“far too great a fondness for sexual references . . . I cannot but regard it as an unhealthy sign even from a literary point of view. Boldness in sexual reference is too often mistaken for brilliance. I think that the defendant should either acquire that art of delicacy in the handling of sexual topics which is so necessary in literature or avoid the topic altogether”.
Rather than spend six weeks in jail, Harris opted to pay £21 in court costs.
A Phoenix From the Ashes
Despite his smeared reputation, Max Harris was a young man when he published the Ern Malley poems, and he had plenty of time to overcome the humiliation.
Harris got back on track.
He sought out new artists and asked for submissions. (I assume he verified their existence before publishing their work!)
He pioneered the work of Gabriel Garcia Marquez, Dylan Thomas, and Patrick White.
He founded and co-edited two literary journals: “Australian Letters” and “The Australian Book Review”.
An atheist of Jewish heritage, Harris pushed for the canonization of Mary MacKillop, the first Australian nun to be recognized by the Catholic Church. As a gesture of gratitude, the Josephite nuns gave Harris a holy relic — a thread from her gown.
He acquired and ran Mary Martin bookshops, pioneering retail book sales with weekend hours, and implementing novel marketing strategies, such as his “shoplifter’s corner” to get rid of excess stock.
Even with his rough start, Harris became a recognized critic, commentator, publisher, editor, and intellectual.
The Joke Was on the Hoaxers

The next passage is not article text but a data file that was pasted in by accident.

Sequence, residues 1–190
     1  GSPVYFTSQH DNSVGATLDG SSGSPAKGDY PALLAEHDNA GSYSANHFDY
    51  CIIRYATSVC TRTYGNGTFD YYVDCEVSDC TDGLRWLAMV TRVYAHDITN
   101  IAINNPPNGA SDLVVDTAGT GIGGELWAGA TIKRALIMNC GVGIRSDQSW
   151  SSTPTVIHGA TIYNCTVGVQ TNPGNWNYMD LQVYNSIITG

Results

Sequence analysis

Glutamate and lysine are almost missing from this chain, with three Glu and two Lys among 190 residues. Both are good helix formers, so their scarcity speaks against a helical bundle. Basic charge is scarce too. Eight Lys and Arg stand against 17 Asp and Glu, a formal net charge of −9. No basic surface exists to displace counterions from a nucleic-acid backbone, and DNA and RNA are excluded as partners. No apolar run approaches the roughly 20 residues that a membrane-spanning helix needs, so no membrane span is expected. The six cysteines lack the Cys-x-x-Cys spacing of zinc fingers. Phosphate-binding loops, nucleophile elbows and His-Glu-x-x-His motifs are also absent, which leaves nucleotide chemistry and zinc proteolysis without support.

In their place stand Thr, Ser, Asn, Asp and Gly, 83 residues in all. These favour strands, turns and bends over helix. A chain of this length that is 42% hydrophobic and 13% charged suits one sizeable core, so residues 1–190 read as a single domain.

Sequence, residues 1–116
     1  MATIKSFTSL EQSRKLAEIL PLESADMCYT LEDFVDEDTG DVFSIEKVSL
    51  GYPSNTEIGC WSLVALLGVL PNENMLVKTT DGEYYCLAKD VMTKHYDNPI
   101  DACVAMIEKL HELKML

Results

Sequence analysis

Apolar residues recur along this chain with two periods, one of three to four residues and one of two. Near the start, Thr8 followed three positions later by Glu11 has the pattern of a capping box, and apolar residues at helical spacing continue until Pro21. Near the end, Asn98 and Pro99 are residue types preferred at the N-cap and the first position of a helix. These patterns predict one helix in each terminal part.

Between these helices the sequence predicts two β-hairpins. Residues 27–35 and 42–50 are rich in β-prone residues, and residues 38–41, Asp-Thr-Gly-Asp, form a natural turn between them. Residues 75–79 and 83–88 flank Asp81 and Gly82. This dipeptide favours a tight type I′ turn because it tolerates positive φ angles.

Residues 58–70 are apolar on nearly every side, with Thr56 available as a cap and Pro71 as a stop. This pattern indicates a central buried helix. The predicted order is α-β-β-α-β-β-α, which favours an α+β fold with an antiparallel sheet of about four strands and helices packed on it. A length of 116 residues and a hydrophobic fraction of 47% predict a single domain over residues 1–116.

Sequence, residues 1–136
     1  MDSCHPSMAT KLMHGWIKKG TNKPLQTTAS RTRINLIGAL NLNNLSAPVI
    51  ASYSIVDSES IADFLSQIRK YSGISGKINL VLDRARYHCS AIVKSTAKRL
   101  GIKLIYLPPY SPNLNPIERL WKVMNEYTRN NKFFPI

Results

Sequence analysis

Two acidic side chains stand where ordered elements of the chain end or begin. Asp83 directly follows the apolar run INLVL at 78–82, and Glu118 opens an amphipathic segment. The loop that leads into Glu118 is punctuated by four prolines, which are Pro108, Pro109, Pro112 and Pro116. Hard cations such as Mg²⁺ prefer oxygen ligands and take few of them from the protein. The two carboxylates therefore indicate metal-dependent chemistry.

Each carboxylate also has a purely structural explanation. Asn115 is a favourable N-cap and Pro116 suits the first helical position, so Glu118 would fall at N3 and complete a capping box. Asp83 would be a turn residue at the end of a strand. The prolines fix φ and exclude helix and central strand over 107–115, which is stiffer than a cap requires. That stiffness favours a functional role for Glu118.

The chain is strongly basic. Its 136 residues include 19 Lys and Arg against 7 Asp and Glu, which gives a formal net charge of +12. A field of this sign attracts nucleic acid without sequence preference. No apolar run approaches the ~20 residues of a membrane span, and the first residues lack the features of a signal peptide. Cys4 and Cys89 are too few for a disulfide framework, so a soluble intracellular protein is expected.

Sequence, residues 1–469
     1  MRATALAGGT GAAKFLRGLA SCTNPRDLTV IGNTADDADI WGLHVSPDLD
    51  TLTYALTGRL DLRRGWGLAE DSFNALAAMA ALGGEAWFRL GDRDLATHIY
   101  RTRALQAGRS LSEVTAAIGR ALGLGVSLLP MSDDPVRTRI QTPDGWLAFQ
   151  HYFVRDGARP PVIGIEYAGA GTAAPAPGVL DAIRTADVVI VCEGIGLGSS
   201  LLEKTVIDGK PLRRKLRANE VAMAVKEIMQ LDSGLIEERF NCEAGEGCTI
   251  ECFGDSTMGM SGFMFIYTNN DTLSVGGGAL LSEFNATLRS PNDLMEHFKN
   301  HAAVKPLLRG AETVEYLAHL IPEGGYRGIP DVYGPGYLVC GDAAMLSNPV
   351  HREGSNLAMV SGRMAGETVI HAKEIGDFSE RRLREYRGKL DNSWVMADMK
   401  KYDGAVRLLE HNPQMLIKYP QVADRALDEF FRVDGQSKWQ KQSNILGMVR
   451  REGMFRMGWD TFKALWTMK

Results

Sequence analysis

McAuley and Stewart were soon forgotten. Their poems did not get any attention. McAuley went on to found a magazine called Quadrant. He was a staunch anti-communist and ended up teaching English in Tasmania. I only wish that he had fallen for some elaborate hoax and had his editorial career dashed to pieces!
Stewart worked for a while in a bookshop before he left the country, settled in Japan, and took up Buddhism.
And Ern Malley?
Ern Malley, on the other hand, became a legend. His poetry was reprinted and influenced Australian poets John Tranter and John Forbes. Ern Malley, a nonexistent character, is still published and taught. Even the beleaguered Max Harris wrote years later,
“I still believe in Ern Malley.”
He should. His marketing made this fictitious poet into a respected literary genius.
Three Lessons to Take From Ern Malley
Any writer with integrity should understand that hoaxes hurt real people, even though they may provide a temporary boost to the hoaxer.
An unexpected kind of guerrilla marketing happens when controversy arises. While most of us shy away from conflict and intentional dishonesty, the vast amount of press generated by the Ern Malley hoax secured the future of the story and the poems.
Hoaxes create the need for discovery, and digging deep into the facts uncovers more angles, resulting in the creation of popular books.
“My Life As A Fake”, a novel by Peter Carey, was published on September 18th, 2005, and takes the Ern Malley affair as its subject. It even includes excerpts from Malley’s poems.
The Ern Malley Affair by Michael Heyward is republished by Faber on October 16th, 2003. Faber and Faber, the publisher of Heyward’s book, got permission from the estates of McAuley and Stewart to reproduce all the Malley poems and related papers.
Betty Snowden, an art curator who once worked for Harris in his Mary Martin bookshop in Adelaide, has written and published Max Harris: With Reason, Without Rhyme.
That flashy issue of Angry Penguins debuting the works of a tragic young poet — heavily promoted with special artwork and reverential comments from a rising young editor — was good marketing. Unfortunately, it promoted a non-existent person.
Hoax or not, the resulting controversy only skyrocketed the work of Ern Malley to stardom.
If you’re wondering about the derivation of the word “hoax?” (Not many words like it….) The Oxford English Dictionary theorizes that it’s an abbreviated form of the words “Hocus Pocus.” An appropriate word for a murky magic that made a poet out of a prank!
Read more about literary hoaxes: "The Importance of Being Authentic"